Jim Leonard Jr.’s masterpiece, “The Diviners,” features well-crafted writing and beautiful acting. A must-see show put on at City Stage by Cape Fear Arts LLC, Leonard developed “The Diviners” while attending Hanover College. It launched Leonard’s writing career. Since, he has gone on to write for TV shows like “The Closer” and “Dexter.”
“The Diviners” asks some very tough questions about the experience of living a faithful life, and what our responsibilities to each other would be in a truly Christian world. To be blunt, it takes an ironic look at professing faith. That it was developed at Hanover College (my father’s first teaching post) is in itself ironic and interesting considering the school’s Christian leanings (whose most famous graduate is wild-man Woody Harrelson). My mother used to refer to it as: “The Christian school built on a bluff both geographically and metaphorically.”
Set in Zion, Indiana, in the Depression, “The Diviners” remains one of my top 10 favorite American play-scripts. The Layman family is getting by, though just barely, during the tough times the country faces. Patriarch Ferris Layman (Anthony Lawson) is a mechanic raising two children on his own, since his wife died while saving their young son from drowning. Son Buddy Layman (Kenneth Rosander) was under water long enough to have suffered some severe damage, and, among other things, he can now “feel” water. He can tell when storms are coming and he can find wells. He also hasn’t had a bath in recent memory because his sister Jennie Mae (Kaitlin Baden) and his father just cannot bear to put him through the excruciating ordeal.
Into their lives walks C.C. Showers (Adam Poole), who has shrugged off life as a preacher and is looking for work in exchange for a roof and a meal. Showers wants a new start in life while he tries to figure out the answers to the frightening questions in his head. The town, unfortunately, wants a new church and a preacher for it; his appearance rekindles an old struggle in the populace.
For Showers, building a new life with the Laymans is work enough. He develops a special bond with Buddy that is tenuous but gentle.
When we walked out of the theater, my date commented, “There wasn’t a weak link onstage was there?” He’s right. It is truly an ensemble cast and everyone brings their A game.
That having been said, without question, Rosander’s work as Buddy Layman is deserving of specific recognition. By virtue of Buddy’s needs and challenges, as a character it could be very easy to slip into caricature—or inadvertently into something that came across as insensitive or mean-spirited. Rosander has made a series of choices as a performer that show us a physicality and mentality that is very realistic, thoughtful, and consistent. His work is incredible to watch, and he must be exhausted every night when he goes home.
It is heartbreaking to watch Baden and Lawson with him; both so clearly love Buddy and are more than a little terrified not only of that love but of what he can do. Lawson’s performance as a man still in the throes of grief but loving his challenging children is subtle and complex. Frequently cast in comedic roles and as cameos, it is great to see Lawson showcase dramatic depth. Yet, he and Kim Ewonus, who plays a neighboring farmer, do have the audience in stiches with their exchanges about bicycles, women, tractors, and life in general—because they do. As the two old guys who know everything, they are nice mirrors for the two young guys who think they know everything: farm hands Dewey (Patrick Basquill) and Melvin (Brendan Carter).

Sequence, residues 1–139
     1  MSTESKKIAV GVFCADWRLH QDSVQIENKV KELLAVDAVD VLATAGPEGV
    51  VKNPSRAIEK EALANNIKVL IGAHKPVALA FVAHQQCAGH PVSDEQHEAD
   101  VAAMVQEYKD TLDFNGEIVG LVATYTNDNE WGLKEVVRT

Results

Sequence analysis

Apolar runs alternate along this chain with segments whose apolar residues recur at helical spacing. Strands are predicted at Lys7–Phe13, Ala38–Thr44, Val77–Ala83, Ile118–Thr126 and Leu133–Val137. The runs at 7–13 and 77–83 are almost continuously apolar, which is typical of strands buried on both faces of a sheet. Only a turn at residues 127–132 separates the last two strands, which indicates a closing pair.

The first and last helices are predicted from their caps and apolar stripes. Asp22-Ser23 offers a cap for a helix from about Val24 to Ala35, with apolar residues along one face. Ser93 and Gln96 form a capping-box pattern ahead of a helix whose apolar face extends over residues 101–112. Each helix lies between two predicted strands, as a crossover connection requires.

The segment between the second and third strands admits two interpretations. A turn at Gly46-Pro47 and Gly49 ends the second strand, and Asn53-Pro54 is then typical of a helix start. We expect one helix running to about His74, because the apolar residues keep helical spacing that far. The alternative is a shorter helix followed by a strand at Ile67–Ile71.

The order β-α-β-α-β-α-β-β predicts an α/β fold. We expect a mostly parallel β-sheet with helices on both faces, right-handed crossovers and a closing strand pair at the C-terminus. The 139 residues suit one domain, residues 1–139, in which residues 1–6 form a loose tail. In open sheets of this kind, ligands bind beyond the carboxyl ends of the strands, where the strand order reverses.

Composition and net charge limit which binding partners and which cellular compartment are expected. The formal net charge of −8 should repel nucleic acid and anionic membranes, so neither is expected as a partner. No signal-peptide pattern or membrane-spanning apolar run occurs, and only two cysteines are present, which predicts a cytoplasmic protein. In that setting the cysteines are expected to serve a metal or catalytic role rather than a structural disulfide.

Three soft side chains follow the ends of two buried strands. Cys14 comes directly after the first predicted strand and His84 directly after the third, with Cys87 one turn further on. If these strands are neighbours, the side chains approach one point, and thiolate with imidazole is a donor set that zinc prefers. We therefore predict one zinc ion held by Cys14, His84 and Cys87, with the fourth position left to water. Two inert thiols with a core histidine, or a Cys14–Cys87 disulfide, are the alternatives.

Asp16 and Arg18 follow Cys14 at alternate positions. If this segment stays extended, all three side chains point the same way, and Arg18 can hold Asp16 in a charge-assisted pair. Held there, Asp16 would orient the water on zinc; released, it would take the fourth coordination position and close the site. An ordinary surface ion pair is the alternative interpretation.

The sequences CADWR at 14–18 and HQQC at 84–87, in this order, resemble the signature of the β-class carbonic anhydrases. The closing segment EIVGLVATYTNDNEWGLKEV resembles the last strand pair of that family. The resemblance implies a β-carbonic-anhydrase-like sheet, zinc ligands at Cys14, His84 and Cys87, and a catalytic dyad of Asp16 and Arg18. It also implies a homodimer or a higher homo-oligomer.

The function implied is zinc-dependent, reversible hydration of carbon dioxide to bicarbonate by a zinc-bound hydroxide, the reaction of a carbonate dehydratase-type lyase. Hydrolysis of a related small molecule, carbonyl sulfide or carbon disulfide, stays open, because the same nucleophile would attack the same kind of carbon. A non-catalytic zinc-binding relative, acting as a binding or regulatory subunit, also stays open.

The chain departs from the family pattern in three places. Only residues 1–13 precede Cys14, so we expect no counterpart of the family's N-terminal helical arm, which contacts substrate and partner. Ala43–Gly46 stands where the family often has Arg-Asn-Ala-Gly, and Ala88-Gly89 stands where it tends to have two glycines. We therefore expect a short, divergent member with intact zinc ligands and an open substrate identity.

Unfortunately, Dewey entangles himself with Darlene (Beth Swindell), the niece of Norma Henshaw (Holi Saperstein), a bible thumpin’, dancing-is-a-sin busy body, who is determined that Showers has come to save the town and will start by baptizing the Layman boy. One can’t help but sympathize for Dewey and Darlene at the mercy of this frightening haradin—who believes that she is firmly in the right and that all others should fall in line with her. Somehow in his quiet, polite way, Poole is her foil.
Showers is such a complicated role: one part con-man, one part true believer, one part conflicted sinner, one part frightened young man, one part disappointing child, and still an enigma even to himself. Everyone has expectations of him, and yet he can’t meet any of them. Poole’s character scares himself, ultimately, with good reason.
Much like “A Christmas Carol” opens with the announcement that Jacob Marley is dead, “The Diviners” opens with the pronouncement that Buddy Layman is dead. For two hours, we watch brilliant, beautiful people, filled with life, love, longing, and pain pulse in front of us. Even though I knew the script very well, as the director, Don Baker, and his incredible cast move inexorably toward the terrible, inevitable conclusion, I gripped my date’s hand and prayed it wouldn’t happen.
The set is sparse but functional, especially for the river scenes and digging for well-water. The bare stage puts the relationships between the characters front and center—which makes them sparkle and become the magic of the show. This talented ensemble makes it happen with grace at every turn. I came to “The Diviners” with high
★ ★ ★ ★ ★
Fri. – Sun. through Feb. 23rd, 8 p.m.; or Sun., 3 p.m. • Tickets: $12 – $14
City Stage, 21 N. Front Street
(910) 264-2602 • www.citystagenc.com